Example: TT (Tetanus Toxoids), diphtheria

4. Subunit, conjugate and recombinant vaccines;

  • Contains bacterial capsular polysaccharide.
  • Eg: Hib (Haemophilus influenza B vaccine), meningococcal, pneumococcal.
  • Or contains viral surface antigens. Eg- Hep B
  • Produce only IgM antibodies.
  • To introduce microbial DNA to cells of the body, weakened virus is used.

Eg-HPV (Human papillomavirus)

How are vaccines administered?

There are many ways of administering vaccine and most are administered through vaccines. But with the development in medical field, here are some ways of administering vaccines aside from injection such as;

  • Nasal spray: through nose. Eg-flu injection.
  • Inhalant: inhale through mouth. Eg-measles vaccine.
  • Orally: certain vaccines can be given in the form of tablet.
  • Micro needle: certain flu vaccine can shoot the substances into the body without making use of needles. (Riedel, 2005)
  • Economics of vaccination: health determines the economic prosperity of the country. This can be because healthier individuals are better at contributing to the economic development of a county than a sick.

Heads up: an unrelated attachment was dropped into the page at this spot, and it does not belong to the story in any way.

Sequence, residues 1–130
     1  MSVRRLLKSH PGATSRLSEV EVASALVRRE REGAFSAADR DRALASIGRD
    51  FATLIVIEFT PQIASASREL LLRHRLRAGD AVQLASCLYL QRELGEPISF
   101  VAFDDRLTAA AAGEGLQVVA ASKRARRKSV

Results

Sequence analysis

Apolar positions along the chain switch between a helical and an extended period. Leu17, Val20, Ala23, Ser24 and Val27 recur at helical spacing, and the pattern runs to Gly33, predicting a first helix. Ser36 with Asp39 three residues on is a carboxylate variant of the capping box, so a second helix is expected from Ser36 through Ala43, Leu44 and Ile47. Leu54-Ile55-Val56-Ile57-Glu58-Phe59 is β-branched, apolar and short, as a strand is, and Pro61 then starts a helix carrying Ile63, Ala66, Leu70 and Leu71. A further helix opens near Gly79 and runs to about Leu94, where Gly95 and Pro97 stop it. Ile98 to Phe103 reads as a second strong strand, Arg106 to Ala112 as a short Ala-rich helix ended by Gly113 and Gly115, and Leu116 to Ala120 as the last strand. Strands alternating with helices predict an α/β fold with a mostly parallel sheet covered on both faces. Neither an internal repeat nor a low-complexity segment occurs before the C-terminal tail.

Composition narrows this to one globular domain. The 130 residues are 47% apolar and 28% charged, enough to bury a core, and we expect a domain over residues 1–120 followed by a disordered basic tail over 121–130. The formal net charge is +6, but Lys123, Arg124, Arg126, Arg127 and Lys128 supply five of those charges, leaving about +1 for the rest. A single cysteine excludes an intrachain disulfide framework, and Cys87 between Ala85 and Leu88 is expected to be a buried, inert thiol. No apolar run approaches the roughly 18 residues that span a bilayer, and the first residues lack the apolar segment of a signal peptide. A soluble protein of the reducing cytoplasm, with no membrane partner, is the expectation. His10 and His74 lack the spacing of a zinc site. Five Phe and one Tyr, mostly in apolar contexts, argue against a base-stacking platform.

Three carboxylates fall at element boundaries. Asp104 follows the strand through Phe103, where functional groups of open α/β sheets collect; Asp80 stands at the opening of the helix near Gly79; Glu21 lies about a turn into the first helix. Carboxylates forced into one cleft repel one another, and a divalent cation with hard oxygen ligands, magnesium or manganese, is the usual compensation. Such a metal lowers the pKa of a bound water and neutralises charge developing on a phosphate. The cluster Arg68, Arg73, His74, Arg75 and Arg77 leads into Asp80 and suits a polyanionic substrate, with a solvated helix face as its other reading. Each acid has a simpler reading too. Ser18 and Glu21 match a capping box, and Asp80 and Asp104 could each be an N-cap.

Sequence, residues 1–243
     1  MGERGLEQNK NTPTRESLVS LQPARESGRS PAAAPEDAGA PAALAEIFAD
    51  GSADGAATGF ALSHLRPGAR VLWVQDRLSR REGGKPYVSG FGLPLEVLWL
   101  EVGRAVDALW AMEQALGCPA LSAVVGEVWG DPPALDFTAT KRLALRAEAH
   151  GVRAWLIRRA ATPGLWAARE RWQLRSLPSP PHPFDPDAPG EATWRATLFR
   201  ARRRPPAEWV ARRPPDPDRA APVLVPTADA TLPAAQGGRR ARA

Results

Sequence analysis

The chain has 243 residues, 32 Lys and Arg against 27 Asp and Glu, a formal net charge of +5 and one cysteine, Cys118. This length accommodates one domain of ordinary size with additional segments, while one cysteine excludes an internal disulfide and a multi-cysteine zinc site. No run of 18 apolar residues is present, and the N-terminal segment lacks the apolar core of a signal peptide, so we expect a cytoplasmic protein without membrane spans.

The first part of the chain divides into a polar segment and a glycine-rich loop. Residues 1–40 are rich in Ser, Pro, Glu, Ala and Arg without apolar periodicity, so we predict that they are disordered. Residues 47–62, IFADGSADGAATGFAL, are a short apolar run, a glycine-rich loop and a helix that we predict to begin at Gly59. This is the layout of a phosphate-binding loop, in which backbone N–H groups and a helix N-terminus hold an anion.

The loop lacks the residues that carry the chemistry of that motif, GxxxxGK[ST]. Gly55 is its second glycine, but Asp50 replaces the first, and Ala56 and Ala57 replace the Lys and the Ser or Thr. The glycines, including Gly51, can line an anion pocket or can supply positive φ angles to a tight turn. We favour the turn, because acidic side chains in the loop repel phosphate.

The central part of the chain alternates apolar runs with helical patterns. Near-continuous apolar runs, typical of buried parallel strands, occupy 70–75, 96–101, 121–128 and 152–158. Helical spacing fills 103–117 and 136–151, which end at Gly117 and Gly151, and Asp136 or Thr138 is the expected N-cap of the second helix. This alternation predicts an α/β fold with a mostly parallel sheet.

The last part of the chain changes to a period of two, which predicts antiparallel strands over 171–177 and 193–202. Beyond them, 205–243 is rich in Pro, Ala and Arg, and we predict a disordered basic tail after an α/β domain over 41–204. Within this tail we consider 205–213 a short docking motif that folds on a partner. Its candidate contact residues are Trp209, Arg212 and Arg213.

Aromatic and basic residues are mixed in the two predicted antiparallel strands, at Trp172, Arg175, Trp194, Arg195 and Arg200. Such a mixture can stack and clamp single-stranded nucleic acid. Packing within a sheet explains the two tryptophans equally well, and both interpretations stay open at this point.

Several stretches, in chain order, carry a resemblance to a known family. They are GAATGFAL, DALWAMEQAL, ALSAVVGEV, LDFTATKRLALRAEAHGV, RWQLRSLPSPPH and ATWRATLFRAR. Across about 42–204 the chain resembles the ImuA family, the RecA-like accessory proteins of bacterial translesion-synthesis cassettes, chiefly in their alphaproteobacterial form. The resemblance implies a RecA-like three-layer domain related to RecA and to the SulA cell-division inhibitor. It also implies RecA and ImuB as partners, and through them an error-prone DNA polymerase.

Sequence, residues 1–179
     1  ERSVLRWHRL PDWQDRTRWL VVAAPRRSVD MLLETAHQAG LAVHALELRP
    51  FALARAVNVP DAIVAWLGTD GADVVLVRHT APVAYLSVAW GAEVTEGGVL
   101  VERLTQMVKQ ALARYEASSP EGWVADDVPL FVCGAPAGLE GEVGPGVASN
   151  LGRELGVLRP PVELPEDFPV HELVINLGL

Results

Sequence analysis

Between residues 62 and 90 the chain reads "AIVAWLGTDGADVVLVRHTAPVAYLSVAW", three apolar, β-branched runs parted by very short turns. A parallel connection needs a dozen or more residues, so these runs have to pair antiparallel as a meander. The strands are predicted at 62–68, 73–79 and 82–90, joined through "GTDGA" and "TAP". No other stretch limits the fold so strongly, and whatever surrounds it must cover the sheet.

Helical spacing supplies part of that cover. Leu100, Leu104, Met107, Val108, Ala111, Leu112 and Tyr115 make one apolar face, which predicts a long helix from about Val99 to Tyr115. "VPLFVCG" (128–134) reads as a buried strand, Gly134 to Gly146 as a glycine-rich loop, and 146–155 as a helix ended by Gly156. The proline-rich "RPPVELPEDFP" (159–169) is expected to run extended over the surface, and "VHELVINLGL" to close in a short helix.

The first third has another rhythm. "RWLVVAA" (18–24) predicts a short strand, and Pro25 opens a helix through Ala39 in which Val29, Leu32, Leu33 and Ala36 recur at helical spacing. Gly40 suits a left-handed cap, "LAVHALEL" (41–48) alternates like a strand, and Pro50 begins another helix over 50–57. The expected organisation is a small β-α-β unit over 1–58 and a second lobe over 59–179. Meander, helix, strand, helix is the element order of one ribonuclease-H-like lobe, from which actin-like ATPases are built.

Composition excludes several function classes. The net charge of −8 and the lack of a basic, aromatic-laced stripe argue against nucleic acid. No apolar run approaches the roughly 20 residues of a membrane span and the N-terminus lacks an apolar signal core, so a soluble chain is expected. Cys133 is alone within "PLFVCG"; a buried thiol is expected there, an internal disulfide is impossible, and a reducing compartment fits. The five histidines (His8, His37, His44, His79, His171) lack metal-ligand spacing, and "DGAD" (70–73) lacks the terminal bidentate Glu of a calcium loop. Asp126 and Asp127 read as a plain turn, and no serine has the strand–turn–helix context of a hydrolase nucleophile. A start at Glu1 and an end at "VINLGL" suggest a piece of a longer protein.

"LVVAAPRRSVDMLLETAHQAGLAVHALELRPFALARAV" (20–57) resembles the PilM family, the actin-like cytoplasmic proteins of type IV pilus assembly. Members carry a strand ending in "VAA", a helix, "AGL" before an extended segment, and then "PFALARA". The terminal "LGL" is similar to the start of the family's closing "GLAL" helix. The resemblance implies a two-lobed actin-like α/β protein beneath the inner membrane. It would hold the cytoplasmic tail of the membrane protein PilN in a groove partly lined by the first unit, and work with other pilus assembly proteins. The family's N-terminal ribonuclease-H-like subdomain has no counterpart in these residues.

• If someone gets vaccinated, diseases won’t infect him and also he will be able to protect those around him. This results in healthier society, which allows individuals to be more economically productive.


Definition: According to World Health Organization, “immunization is defined as the process of making a person resistant to infectious diseases after getting vaccines.”

How does immunization works?

When you get an immunization, you are injected with a weakened form of diseases. This triggers our body’s reaction, causing it to either produce antibodies to that particular disease or induce other processes that enhance immunity. (childhood immunization, 2011)